So thank you Sam for having me perform at your wedding and giving my parents the opportunity to know what my singing voice actually sounded like for the first time! What a blast!


Fast forward to 2016. After sailing through calm waters for a while, I suddenly entered a 3-year long desert season that dealt a series of crushing blows and painful realizations. It was as though life was being squeezed right out of me. I felt broken and alone in my pain; depression was never far behind. And it seemed that much had been dismantled, but I was determined to re-learn the language of love and put back the broken pieces stronger than before. 
And so a gift that emerged and infused life back into those shattered parts was the return to music. After reminiscing on my band geek days from a decade earlier, I decided to learn how to play a new instrument and set my sights on ukulele. It turned out that playing ukulele didn’t feel right without singing along, and so I quickly paired the two. This then opened the door to my dream and desire to learn piano.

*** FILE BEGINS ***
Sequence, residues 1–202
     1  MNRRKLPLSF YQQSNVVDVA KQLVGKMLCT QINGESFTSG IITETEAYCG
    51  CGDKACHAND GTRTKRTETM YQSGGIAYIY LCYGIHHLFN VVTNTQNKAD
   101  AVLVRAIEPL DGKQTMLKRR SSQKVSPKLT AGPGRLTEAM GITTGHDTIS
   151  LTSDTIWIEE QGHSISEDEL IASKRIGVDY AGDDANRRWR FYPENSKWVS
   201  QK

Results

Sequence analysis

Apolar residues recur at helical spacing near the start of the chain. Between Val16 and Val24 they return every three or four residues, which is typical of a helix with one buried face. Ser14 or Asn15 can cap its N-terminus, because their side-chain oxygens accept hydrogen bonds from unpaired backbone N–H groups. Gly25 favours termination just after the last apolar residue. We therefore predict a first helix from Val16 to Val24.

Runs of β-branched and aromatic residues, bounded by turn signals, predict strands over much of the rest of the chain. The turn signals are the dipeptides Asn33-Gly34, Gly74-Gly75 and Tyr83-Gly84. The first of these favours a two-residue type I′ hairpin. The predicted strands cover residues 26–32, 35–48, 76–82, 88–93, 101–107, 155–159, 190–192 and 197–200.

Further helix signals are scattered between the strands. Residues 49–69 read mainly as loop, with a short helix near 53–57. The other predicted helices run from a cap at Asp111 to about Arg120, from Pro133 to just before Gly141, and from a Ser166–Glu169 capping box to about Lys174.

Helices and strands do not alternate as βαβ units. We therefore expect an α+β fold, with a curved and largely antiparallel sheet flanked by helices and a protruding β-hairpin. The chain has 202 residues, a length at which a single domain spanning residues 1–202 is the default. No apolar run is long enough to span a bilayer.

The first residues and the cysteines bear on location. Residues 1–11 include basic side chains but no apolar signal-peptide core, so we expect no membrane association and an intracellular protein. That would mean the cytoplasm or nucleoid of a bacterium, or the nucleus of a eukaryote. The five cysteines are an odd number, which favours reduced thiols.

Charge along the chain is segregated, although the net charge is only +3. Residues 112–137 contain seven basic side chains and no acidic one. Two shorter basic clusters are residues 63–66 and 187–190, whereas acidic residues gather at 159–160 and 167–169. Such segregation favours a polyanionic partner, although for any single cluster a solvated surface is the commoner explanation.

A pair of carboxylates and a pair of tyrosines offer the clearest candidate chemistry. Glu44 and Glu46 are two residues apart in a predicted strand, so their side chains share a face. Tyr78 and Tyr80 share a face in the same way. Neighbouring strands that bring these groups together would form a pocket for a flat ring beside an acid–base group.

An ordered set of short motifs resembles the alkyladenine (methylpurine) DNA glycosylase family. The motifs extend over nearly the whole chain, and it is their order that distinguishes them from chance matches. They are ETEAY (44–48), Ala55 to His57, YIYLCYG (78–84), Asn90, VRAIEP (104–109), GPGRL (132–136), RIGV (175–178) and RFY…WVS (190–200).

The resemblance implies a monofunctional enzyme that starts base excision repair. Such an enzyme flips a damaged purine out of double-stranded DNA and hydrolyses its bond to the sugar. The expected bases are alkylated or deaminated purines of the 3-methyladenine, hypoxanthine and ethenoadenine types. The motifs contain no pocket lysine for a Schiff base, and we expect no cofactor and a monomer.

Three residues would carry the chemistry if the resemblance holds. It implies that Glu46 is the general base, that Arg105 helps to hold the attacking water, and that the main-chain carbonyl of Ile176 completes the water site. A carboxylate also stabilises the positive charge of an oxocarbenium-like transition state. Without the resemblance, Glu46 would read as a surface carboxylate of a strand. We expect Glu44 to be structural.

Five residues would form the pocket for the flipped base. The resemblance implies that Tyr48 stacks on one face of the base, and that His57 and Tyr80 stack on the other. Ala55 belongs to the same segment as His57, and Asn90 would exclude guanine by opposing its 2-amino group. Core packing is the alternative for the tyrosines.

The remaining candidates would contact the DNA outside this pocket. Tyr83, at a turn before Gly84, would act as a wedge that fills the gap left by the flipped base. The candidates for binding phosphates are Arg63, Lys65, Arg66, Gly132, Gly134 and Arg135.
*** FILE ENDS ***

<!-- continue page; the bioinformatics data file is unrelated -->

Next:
Cue Chad and Kim Ellefson. Chad and Kim were friends and mentors of mine since I was a teenager. They were my youth leaders in high school, sent me care packages in college, and invited me over for dinner well into my 20s. They were a steady presence in my life and led with extravagant generosity of their time, resources, and wisdom. They were almost like second parents to me.